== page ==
What is DIC?
DIC is an acronym for disseminated intravascular coagulation a very seriuos condition in which excess thrombin is in the systemic circulation. DIC is always a secondary disorder, it occurs after some initial assault to the cardiovascular system. This thrombin excess causes widespread clotting in the cardiovascular system, the body reacts to the excess thrombin by trying to lyse the clots by fibrinolysis. This in turn, causes systemic bleeding and the person may literally bled to death because their body is trying to break up the clots.
Any population of people can be affected by DIC but it is most common after childbirth when tissue fragments from the placenta are retained thus initiating the clotting process. It is also common in situations were the person is acidotic and the acidosis was not corrected early enough.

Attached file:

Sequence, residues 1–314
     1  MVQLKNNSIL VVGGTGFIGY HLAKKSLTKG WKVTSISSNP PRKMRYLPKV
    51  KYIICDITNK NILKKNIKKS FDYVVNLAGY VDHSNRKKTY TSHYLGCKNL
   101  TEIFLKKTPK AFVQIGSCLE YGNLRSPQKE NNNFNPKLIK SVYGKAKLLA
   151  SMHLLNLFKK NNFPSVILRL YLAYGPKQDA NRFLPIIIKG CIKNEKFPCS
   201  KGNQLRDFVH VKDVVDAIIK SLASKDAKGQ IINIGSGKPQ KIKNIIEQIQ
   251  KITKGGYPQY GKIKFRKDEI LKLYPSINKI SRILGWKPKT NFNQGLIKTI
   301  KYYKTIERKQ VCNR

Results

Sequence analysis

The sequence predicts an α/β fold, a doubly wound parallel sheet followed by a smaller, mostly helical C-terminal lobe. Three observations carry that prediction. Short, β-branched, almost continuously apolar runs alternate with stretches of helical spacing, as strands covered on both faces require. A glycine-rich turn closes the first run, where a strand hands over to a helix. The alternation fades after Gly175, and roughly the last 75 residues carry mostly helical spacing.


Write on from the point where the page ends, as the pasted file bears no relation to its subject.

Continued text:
DIC stands for disseminated intravascular coagulation. There are certain proteins that are present which control blood clotting. When a person has disseminated intravascular coagulation it means that these proteins do not function as they should.
When a person has an injury, the body instinctively activates proteins that causes the clotting mechanism to begin. A person with DIC has proteins that become abnormally active. When this happens, many small clots can form in the blood vessels causing the blood supply to be "cut off" from major organs such as the liver and brain. Because the proteins are being overused, they eventually are used up and the body is no longer able to form clots which can cause severe bleeding.